[mythtv-users] Mythfilldatabase is REALLY slow.

Keith Pyle kpyle at austin.rr.com
Sun Oct 9 22:23:42 UTC 2011

On 10/09/11 14:40, Tim Draper wrote:
> On 9 October 2011 20:31, Richard Morton <richard.e.morton at gmail.com> wrote:
>> > Hi tim,
>> >
>> > I disagree with your analysis (sorry).
>> >
> no problem - i dont claim to know everything, so if im wrong then it's good
> to be corrected or advised down a better route :)
>> > It seems that due to safer defaults ext4 is slower and returning to ext3
>> > would be risky on power failure. The appropriate response I believe is to
>> > use performance options (such as those that I have implemented and wish
>> > confirmation that are safe) to recover the performance lost with the
>> > additional data integrity measures.
>> >
> i'll hold out on implementing those ext4 parameters - if they work then
> great (i'll shoot off to google once i've written this to research more),
> and it would certain save around an hour reinstalling mythtv as i'd backup
> existing DB first, and simply restore it on the new build.
> power tends to be fairly stable where i live, so that tends not to be much
> of a concern.
> thanks for the input - it's appreciated :)
I always find the (recurring) discussions about which filesystem is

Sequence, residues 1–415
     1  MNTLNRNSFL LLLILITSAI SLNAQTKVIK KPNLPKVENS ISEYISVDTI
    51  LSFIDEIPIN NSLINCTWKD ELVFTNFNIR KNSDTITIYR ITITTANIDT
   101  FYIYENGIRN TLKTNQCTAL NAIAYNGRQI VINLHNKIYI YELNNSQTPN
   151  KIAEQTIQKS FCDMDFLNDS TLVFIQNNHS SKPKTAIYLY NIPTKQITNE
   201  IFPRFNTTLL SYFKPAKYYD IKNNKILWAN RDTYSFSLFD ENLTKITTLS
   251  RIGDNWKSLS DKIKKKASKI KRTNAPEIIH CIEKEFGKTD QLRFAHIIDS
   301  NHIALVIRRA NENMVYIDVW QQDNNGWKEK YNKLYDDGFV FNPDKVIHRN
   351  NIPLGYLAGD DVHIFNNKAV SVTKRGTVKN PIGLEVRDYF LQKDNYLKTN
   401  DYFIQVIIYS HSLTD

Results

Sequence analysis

faster to be interesting, but they often miss the point.  X may be
faster than Y which is faster than Z, and that comparison is interesting
but not necessarily pertinent.  The question should be: which
filesystems are fast enough for the given task given reasonable
supporting hardware?  Unfortunately, the comparisons are often further
confounded due to filesystem options settings that affect performance,
layout of partitions on physical drives, types of drives used, number of
drives, etc.

I believe there are some general principles that apply to improve
database performance: (1) put the DB on a physical drive separate from
other major functions (e.g., don't put it on a Myth data drive) and that
has a relatively low I/O load from other tasks using this drive,
(2) use a drive with reasonable seek performance,
(3) higher on-drive cache will probably be desirable,
(4) make sure you have your partitions laid out to align to the drive's
natural block size boundary (e.g., if the drive used 4K blocks, allocate
partitions to start on 4K boundaries).

I find ext4 to be a very suitable filesystem for a Myth database (and
ext3 wasn't a problem before it).  I have the DB partition on the OS
drive since the OS I/O workload isn't that high and the Myth storage
directories are on other disks.  I presently use a SSD for the OS/DB
drive, although the 7200 RPM hard disk that preceded it worked well
too.  DB operations are noticeably faster with the SSD.  I have recorded
up to four SD streams while watching a previously recorded program and
have zero logged errors related to drive performance.

My ext4 mount options for the DB partition are: noatime, commit=120,
barrier=1, data=ordered.

If you're worried about the potential for power failure to affect data
integrity, use a UPS.


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